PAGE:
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The ongoing trend toward transnational organizedcrime groups is a compelling development in the 21st century, with the implication that these groups are beginning to collaborate in a systematic manner to further their organizational goals on an international scale.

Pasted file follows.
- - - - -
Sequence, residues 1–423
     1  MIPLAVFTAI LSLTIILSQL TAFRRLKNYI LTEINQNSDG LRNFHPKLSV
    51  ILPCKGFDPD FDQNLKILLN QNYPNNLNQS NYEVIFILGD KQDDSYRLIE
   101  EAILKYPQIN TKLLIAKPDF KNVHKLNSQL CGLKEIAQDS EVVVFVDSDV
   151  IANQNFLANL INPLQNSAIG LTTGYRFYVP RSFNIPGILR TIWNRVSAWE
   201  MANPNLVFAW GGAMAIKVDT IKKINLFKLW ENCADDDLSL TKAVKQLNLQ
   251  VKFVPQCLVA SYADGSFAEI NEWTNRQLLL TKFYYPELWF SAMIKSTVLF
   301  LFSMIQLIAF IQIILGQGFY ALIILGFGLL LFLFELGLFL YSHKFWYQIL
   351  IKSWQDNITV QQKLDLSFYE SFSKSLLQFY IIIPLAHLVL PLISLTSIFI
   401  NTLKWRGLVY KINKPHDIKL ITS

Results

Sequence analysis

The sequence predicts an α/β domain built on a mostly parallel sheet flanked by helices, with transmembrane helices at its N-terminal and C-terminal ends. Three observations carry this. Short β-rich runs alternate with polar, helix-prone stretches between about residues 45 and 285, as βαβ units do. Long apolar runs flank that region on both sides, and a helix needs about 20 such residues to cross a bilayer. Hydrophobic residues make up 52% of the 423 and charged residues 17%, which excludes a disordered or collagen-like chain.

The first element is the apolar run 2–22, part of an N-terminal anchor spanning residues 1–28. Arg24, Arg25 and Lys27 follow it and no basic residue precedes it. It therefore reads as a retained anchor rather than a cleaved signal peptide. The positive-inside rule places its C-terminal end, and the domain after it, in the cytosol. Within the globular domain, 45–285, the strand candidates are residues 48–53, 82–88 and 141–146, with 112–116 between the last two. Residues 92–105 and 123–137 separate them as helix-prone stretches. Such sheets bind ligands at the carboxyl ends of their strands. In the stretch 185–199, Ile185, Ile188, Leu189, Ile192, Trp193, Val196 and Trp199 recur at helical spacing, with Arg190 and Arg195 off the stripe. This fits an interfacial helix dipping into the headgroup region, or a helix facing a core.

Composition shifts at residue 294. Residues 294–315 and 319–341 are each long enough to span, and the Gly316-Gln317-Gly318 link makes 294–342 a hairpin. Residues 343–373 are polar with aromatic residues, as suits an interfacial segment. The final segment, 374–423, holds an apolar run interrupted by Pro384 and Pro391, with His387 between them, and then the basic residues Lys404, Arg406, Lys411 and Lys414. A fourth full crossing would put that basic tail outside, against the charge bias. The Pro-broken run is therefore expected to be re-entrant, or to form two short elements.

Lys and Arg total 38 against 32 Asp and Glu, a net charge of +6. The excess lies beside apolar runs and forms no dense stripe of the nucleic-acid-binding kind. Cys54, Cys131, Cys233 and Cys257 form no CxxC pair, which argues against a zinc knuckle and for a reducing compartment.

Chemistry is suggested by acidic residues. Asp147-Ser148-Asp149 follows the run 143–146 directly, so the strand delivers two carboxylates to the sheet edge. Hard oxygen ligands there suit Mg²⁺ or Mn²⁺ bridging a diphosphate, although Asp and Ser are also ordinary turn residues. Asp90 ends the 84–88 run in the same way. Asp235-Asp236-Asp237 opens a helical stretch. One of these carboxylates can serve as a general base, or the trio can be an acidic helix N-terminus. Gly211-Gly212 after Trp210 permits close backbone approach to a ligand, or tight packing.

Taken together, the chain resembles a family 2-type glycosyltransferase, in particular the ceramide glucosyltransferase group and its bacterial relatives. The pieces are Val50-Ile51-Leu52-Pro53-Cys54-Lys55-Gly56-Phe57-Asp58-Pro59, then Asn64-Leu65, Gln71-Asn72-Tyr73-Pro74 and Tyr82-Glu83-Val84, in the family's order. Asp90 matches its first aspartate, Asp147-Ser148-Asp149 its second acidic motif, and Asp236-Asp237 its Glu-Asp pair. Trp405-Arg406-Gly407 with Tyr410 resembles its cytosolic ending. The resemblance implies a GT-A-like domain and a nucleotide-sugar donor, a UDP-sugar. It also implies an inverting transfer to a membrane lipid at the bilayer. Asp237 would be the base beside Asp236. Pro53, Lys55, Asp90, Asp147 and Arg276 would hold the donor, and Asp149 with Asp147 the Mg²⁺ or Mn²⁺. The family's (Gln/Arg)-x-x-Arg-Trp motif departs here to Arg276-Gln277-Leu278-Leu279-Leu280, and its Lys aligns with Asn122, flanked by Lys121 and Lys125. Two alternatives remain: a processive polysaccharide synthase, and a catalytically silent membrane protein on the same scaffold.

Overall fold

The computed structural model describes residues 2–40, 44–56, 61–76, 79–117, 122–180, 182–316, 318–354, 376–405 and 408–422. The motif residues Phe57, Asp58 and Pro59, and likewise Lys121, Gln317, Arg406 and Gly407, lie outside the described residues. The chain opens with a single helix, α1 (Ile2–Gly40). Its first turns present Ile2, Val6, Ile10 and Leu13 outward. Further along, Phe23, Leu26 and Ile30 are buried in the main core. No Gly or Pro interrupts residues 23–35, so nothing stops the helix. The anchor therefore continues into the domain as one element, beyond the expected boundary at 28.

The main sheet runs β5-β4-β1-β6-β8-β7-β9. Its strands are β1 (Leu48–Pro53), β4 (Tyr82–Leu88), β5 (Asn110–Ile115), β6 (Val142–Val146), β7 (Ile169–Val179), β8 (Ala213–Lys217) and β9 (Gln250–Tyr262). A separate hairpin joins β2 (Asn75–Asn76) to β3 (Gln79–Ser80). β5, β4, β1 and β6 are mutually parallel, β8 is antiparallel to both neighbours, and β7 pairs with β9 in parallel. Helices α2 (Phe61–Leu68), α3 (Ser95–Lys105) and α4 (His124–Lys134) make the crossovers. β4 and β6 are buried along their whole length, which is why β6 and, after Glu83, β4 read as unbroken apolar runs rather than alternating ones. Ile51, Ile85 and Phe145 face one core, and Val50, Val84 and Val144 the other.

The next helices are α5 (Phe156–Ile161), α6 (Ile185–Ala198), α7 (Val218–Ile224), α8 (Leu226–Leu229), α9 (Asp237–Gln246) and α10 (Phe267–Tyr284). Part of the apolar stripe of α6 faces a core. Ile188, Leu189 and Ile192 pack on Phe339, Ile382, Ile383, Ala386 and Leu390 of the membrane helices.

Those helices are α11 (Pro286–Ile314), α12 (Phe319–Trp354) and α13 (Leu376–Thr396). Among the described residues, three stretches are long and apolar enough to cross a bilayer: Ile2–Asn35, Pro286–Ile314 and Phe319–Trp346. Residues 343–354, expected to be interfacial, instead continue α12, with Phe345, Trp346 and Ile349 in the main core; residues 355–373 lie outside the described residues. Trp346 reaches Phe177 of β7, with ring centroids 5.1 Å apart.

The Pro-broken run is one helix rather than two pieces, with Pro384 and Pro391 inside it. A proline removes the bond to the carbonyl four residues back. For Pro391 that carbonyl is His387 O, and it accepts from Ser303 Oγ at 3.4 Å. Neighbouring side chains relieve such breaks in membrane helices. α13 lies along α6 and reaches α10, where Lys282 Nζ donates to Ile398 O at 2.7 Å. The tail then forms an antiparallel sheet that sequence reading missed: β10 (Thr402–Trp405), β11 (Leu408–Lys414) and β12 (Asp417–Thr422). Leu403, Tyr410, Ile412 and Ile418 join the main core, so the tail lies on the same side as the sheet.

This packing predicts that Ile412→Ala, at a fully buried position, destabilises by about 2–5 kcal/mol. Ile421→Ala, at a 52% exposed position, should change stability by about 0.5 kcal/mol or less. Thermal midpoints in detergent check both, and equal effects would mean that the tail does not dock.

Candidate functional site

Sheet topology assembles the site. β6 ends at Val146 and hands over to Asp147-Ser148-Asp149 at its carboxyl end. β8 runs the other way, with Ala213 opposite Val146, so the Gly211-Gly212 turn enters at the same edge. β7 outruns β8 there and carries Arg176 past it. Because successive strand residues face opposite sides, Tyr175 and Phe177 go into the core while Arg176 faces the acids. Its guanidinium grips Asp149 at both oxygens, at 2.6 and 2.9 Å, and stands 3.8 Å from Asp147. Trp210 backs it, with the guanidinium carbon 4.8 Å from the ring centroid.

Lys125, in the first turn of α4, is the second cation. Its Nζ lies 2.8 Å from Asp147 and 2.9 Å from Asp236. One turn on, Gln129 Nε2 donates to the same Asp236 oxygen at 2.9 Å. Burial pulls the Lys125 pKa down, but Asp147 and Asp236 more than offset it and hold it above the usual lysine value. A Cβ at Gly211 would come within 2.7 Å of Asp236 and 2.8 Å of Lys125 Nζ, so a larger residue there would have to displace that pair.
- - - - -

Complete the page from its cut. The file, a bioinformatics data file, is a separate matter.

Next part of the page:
Organized crime is dynamic, and its inner workings undergo constant change. For example, beginning in the 1980s, Colombian and Cuban drug trafficking groups emerged in the United States, fiercely competing for cocaine and heroin markets previously dominated by traditional organized crime. More recently, with the September 2001 attacks on the World Trade Center and the Pentagon, the word terrorism has now entered the lexicon of international organized crime and is challenging traditional organizational models. Whether discussing “traditional” organized crime groups such as the Italian Mafia, emerging nontraditional groups ...

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